Driving into Fairfield on the first day of Orientation, Sherice Reid ’16 knew she wanted to be a New Student Leader.

“It’s what made me realize that I’m really going to college,” Reid said. “I drove in and said, ‘Mom I’m going to be that person at the gate yelling for somebody else.’”

After being part of the behind-the-scenes Orientation Support Team the year before, Reid wanted to “have a greater impact” on the students, leading to her applying for the NSL position.

By getting involved on campus, Reid said she “saw what Fairfield had to offer and how many great people [there] are here.” She is one of 50 NSLs and 31 OSTs prepared to welcome the class of 2018.

“It’s my job to make sure they have a nice, smooth transition without feeling overwhelmed,” Reid added. “I’m kind of the backbone for them, so they know they can come to me for anything.”

For Co-Chair Amanda Murphy ’16, it’s hard to “believe that orientation is already here.

“All of our work, we kind of see pieced together once the NSLs get here, and it kind of falls into place, and it’s going to be weird to see it all play out,” Murphy said. “It’s definitely a rewarding job.”

She joins Jeannette Eckelman ’16, Meghan Warchol ’16 and Alli Scheetz ’16 as co-chairs for Orientation.

Besides placing First Year students into FYE sections, choosing meeting locations and planning out skits for the sessions, “a big part of our job is facilitating the training for NSLs,” said Murphy. “We make sure they know everything they need to know before they go into Orientation.”

While OSTs train for two and a half days, the five-day training for NSLs includes safe-space training, learning how to be an inclusive community and discussing group dynamics.

Run by William Johnson, associate dean of students and director of student diversity programs, and Jocelyn Collen, campus minister for immersions and pilgrimages, safe-space training “covered everything from LGBTQ inclusion to being a welcoming community in general,” said Murphy.

Reid explained that a large portion of the training has been about “how to properly interact … [and] how to address certain situations.”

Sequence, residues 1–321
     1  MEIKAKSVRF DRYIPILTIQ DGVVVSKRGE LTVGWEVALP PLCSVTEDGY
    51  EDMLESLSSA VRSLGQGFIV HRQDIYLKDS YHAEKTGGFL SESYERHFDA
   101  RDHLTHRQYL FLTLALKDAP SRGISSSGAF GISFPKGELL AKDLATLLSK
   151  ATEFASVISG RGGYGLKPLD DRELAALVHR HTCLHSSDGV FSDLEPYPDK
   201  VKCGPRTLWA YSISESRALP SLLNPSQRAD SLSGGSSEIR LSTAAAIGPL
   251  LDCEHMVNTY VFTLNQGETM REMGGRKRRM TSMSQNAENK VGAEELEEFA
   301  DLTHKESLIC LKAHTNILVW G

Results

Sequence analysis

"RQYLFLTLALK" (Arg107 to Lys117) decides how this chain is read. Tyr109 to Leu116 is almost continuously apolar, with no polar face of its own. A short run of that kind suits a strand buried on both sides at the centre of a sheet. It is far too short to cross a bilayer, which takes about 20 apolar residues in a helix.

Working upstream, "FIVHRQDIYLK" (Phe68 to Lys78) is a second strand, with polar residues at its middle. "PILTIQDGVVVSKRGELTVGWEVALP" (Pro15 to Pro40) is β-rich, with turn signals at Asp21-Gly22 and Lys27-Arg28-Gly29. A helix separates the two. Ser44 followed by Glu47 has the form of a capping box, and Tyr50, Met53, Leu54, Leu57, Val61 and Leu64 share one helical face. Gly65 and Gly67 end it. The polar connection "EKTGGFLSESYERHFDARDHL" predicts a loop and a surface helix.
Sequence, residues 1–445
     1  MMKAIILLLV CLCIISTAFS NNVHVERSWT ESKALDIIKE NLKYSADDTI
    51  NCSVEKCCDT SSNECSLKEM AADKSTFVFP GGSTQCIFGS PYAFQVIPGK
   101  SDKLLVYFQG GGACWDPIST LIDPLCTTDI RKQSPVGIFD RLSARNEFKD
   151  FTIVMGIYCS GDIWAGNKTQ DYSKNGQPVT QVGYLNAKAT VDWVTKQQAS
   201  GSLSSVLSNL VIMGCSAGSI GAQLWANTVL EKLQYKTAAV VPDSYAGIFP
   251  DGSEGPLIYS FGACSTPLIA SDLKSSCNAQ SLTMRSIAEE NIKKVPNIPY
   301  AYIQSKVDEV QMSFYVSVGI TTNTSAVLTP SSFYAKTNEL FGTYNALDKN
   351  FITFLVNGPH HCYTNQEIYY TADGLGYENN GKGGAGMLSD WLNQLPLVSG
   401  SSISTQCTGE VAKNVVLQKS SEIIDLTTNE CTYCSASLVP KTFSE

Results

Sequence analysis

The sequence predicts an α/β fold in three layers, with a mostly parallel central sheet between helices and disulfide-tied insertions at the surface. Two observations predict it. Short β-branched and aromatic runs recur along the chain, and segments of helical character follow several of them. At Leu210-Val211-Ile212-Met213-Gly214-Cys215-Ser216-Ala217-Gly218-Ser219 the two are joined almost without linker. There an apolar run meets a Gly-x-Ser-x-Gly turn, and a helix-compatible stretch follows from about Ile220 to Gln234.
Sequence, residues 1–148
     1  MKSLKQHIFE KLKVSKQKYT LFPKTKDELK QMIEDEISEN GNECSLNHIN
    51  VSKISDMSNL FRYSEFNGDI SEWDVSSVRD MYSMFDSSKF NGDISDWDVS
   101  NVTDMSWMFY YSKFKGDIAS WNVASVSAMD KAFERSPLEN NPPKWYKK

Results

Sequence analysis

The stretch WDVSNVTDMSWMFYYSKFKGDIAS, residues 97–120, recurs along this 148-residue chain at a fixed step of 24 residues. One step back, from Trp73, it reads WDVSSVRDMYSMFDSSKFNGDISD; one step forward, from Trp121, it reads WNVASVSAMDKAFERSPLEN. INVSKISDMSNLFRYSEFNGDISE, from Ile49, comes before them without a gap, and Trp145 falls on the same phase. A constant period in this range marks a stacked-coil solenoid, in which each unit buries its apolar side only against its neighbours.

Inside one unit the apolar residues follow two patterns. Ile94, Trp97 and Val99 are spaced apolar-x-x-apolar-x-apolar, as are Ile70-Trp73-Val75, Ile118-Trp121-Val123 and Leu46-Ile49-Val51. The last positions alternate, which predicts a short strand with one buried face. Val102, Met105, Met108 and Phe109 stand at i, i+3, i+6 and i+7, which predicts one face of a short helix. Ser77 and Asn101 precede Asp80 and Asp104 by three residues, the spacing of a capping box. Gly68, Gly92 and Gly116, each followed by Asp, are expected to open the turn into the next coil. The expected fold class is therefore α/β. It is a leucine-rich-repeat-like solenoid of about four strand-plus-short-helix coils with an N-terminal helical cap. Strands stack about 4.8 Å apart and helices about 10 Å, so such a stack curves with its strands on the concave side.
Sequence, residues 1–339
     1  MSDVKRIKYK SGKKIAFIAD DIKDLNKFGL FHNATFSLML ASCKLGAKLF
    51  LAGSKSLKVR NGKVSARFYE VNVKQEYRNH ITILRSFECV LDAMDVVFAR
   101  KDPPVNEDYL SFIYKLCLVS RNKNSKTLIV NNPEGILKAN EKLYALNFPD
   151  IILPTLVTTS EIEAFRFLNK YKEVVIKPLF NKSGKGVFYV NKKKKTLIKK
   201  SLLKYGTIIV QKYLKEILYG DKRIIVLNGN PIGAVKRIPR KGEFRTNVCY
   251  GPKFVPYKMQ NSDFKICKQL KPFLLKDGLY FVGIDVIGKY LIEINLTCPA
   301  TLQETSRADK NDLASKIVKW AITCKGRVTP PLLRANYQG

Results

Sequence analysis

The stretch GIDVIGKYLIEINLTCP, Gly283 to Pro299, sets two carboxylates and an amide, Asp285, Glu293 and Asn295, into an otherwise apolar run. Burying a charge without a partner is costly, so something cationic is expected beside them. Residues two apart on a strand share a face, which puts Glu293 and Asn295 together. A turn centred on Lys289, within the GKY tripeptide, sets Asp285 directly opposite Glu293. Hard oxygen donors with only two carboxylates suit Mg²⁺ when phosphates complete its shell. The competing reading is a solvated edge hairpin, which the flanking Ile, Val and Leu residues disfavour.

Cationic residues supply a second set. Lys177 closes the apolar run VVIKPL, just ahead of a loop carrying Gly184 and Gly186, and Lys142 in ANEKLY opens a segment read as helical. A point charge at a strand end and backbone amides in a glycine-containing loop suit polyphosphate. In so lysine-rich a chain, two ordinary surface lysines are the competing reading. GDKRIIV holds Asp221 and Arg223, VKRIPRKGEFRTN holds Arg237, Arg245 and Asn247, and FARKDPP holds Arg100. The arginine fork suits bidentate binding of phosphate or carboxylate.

An emphasis is placed on not using gender specific terms, added Reid, “because we’re an inclusive community so we don’t want to say ‘hey guys’ because it’s going to put everyone in an awkward position.”

According to Program Director Nicole Heller, the Student Programs and Leadership Development and Orientation program have been following the theme of “connect, inspire and thrive.” She aims to have students “connect with each other, be inspired and thrive here at the University.

“We want the First Year students to be connected, looking forward to September and to understand that there’s a place for every one of them here,” Heller said.

The two Orientation sessions on June 18-19 and June 23-24 focus on social and academic areas.

“It changed with the Class of 2014 where students now register for classes during orientation and meet with professors,” Heller explained. During their registration, First Years were able to select their top three choices for a group during Orientation and “we do our best to place them in those.”

With an average session of 12 students in over 40 NSL groups, students are able to meet half of the people that will be in their First Year Experience, which takes place during the school year. The groups aim to unite incoming students based on common interests ranging from sports to service learning to music.

The NSLs leading the Career section, the most popular group according to Murphy, have been working with the Career Planning Center to cover topics such as professionalism and branding.

For Tim Dessureau ’16, being an OST means giving back to the Fairfield community that helped him during his transition into college.

“I want First Year students to feel comfortable and start to make new friends and see how great Fairfield is and how great the community is,” Dessureau said.

Sophomore Karyn Ryan views the OST position as an opportunity to “make sure [First Years] have a good experience like I had.”

 

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